Marriages fail because partners don’t try hard enough. Right?

According to conventional wisdom, matrimonial slackers cause marital dissatisfaction.  Seems true enough.
Yes, those vows we made were, essentially, promises not to slack off after the “I-dos.”   Naively, we take for granted that there is wisdom in conventional wisdom.  We believe the myth that marriages fail because partners don’t try hard enough, just like we believe the myth that marital success depends on finding the right person.

As infatuation inevitably fades, partners begin to notice incompatibilities.  We feel disappointed over unmet expectations and confused about whether incompatibilities mean that we didn’t marry the right person afterall.  We panic and mentally grasp for explanations and solutions.  When we apply the matrimonial slacker label to our partners, we enter the realm of disenchantment.

Going with conventional wisdom leaves us vulnerable to the proverbial wolf in grandma’s clothing.  The tragi-comedy of this old thinking surfaces when: 1) One partner chronically labels the other as the matrimonial slacker.  2) Both partners think they are trying as hard as anyone possibly can and start pointing fingers at the other one as the matrimonial slacker.

If you conclude that your partner is not trying hard enough, you feel entitled to let him know about it.  To demand that she step up.  To harbor resentments, if she seems oblivious to your requests for behavior change.  To raise holy hell, if he ignores your to-do list.

Although there are as many variations on so-called matrimonial slacking as there are couples, the basic scenario goes like this: Liz notices that Joe hasn’t given her flowers in months.  She wonders whether he still cherishes her the way a spouse should.  She feels hurt and a little angered by his thoughtlessness.  She even drops a hint.  “Joey,” she says, “I was just thinking about how excited I got on Valentine’s Day when you sent that big bouquet to my office.”  Being the matrimonial slacker that he is, Joe does not take the hint.  Liz starts noticing other ways that Joe is slacking off – letting his laundry pile up on the closet floor, not shaving on weekends (who wants to kiss that scratchy mug?), snoring on the couch while the kids color on the walls, calling her “Lizard” when he knows she hates that.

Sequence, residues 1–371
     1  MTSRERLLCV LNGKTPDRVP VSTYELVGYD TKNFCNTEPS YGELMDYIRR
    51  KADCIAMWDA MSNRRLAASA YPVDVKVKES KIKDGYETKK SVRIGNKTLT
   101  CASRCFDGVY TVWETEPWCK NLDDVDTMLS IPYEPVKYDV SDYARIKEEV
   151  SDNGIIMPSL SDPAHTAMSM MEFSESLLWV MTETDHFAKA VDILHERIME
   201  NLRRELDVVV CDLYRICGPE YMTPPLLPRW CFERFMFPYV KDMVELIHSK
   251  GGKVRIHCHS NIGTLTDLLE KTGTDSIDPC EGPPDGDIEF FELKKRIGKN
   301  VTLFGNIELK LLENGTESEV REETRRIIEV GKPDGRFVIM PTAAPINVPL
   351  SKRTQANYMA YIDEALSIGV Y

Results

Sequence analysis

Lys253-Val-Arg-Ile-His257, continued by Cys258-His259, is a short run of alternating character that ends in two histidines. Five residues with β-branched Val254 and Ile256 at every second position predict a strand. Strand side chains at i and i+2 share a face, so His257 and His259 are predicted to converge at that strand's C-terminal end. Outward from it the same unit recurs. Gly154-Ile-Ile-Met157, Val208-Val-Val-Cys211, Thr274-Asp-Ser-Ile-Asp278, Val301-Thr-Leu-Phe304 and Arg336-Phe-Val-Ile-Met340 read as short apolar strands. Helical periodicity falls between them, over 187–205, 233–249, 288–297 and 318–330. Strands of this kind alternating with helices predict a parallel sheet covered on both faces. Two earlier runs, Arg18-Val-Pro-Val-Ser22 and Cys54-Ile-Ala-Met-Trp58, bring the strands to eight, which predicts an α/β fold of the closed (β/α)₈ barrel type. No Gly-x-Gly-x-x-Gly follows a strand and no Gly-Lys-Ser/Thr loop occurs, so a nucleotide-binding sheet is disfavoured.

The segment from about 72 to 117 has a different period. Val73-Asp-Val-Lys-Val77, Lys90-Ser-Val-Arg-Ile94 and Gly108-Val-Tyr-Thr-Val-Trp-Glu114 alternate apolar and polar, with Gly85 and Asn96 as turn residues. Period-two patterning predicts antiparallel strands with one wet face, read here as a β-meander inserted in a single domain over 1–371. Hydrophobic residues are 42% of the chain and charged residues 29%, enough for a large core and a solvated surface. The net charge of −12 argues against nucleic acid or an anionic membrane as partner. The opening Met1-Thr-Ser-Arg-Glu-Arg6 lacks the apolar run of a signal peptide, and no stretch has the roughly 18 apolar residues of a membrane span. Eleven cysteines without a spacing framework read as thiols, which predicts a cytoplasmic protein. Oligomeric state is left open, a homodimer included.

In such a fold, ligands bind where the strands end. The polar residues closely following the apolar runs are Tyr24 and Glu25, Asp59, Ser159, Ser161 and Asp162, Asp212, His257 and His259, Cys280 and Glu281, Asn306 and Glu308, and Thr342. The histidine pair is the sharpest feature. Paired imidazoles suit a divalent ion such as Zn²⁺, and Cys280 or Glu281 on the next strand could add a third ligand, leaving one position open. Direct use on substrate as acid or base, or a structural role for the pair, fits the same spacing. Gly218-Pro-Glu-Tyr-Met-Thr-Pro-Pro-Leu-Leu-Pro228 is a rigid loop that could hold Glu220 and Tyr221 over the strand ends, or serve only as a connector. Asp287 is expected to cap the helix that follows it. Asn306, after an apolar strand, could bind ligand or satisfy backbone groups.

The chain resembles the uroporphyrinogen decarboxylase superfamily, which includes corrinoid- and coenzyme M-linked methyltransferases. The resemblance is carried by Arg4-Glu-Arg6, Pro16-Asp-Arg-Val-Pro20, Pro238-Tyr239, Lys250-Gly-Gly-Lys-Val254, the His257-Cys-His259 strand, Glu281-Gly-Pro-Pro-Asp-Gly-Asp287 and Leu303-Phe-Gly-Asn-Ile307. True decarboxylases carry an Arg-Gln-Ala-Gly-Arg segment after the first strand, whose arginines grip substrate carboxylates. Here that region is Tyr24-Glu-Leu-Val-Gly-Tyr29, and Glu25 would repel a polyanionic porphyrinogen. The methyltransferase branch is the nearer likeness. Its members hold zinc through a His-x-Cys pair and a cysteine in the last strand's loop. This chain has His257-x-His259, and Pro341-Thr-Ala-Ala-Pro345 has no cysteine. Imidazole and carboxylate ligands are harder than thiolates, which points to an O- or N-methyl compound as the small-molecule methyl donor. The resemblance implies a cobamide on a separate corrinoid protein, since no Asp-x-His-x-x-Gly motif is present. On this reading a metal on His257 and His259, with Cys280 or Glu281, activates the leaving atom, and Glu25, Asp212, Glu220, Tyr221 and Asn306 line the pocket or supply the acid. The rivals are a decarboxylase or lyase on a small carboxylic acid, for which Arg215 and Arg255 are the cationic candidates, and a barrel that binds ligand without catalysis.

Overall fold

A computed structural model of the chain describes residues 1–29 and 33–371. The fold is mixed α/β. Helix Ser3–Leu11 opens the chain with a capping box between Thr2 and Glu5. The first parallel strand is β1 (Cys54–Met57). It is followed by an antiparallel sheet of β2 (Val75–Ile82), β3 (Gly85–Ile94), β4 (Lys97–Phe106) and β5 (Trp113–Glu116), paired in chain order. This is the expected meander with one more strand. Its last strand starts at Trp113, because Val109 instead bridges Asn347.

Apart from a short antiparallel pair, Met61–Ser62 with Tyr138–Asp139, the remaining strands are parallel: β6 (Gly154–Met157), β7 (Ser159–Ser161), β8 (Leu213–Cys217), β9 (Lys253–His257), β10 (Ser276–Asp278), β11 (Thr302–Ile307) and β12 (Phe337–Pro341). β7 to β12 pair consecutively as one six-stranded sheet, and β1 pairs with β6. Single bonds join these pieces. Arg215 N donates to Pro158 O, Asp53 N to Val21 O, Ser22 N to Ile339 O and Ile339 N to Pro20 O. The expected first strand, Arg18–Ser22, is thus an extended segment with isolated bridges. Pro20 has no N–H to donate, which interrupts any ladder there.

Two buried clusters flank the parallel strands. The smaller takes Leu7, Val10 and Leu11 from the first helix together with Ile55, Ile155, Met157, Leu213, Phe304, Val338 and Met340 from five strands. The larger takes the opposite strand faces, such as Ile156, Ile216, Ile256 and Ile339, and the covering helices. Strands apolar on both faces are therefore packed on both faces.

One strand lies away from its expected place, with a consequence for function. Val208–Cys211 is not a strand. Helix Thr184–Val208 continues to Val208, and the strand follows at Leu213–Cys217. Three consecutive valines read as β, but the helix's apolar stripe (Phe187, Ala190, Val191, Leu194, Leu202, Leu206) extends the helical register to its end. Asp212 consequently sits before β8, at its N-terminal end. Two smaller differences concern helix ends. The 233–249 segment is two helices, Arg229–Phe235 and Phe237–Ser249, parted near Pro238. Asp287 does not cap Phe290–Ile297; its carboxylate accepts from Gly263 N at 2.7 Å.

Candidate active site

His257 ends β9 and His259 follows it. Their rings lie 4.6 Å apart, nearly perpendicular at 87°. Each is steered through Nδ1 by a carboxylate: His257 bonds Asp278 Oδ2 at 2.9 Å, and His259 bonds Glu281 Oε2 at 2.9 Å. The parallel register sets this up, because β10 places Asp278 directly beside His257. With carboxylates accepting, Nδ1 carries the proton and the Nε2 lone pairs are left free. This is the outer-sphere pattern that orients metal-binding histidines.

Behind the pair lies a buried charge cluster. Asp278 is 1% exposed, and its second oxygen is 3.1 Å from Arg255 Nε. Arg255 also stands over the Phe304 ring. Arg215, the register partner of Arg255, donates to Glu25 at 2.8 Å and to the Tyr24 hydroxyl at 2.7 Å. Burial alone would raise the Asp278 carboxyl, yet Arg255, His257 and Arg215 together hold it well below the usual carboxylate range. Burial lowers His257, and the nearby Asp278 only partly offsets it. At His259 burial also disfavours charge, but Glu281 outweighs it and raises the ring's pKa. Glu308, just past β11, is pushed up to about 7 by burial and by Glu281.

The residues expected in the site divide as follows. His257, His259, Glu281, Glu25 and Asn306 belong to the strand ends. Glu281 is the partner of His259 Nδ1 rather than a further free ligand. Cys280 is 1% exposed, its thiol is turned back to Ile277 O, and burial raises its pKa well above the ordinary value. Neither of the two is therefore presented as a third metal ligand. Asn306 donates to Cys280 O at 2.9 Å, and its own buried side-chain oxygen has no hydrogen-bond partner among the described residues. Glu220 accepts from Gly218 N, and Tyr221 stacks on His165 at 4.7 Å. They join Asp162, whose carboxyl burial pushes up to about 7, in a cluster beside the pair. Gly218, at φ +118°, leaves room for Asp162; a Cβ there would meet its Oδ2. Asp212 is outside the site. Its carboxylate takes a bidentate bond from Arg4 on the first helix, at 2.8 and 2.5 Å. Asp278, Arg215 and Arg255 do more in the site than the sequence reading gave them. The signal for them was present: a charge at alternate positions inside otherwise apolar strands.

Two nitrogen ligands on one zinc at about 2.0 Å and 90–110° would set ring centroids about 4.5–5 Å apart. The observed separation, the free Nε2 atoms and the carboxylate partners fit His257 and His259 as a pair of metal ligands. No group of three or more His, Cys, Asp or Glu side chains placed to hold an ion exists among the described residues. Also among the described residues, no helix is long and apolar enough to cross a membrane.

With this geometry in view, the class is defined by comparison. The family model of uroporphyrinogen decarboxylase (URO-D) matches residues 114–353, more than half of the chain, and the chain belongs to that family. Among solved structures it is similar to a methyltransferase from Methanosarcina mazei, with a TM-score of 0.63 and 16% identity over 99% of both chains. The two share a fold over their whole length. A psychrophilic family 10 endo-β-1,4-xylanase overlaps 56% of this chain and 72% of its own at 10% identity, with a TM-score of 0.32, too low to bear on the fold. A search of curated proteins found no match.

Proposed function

Joe notices that Liz hasn’t been interested in sex lately, especially on weekends, which used to be the most likely time for love-making.  He wonders whether she is still attracted to him.  It even crosses his mind that she might be interested in that guy she seems to like so much at her office.  He drops a hint.  “Lizard,” he says, “I read that people live longer when they have sex at least twice a week.”   Being the matrimonial slacker that she is, Liz does not take the hint.  Joe starts noticing other ways that Liz is slacking off.

Partners under the influence of old thinking focus on making the case against the matrimonial slacker and convincing him or her to change into someone closer to the right person.  Everybody Marries the Wrong Person offers an alternative to concluding that your partner is the matrimonial slacker.  Instead of viewing your spouse as a renovation project, you focus on renovating yourself: learning to manage your own insecurities and dark moods, expectations and reactions.  This means adopting a new, universally-applicable and constructive marriage paradigm – self-responsible spouse.

Self-responsible Liz and self-responsible Joe direct their thoughts differently.  They go “up left.”  They take stock of their own behavior, drop their case against the matrimonial slacker and focus on what their partner does right, deconstruct their negative emotions and change their reactions.

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© Copyright 2013 Christine Meinecke, Ph.D., All rights Reserved.
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Christine Meinecke received a doctorate in Counseling Psychology from the University of Kansas in 1983. She interned at Colorado State University Counseling Center and completed a postdoctoral fellowship at The Johns Hopkins University School of Medicine, Department of Psychiatry and Behavioral Medicine. Dr. Meinecke is in her nineteenth year of full-time private practice in Des Moines, Iowa. Prior to entering private practice, she worked in hospital mental health settings She has taught psychology and psychotherapy classes to undergraduates, graduate students, and medical residents. She is also a playwright. Her full-length, comedic play, Flutter the Dovecotes, was the 2009 winner of the Iowa Playwrights Workshop competition and was premiered by Tallgrass Theatre Company in January 2010. For more information about Flutter the Dovecotes click ”works” tab. For thirty-plus years, she has practiced yoga and taught yoga classes in various settings. She met her beloved wrong person while both were graduate students at University of Kansas. They have been married twenty-nine years.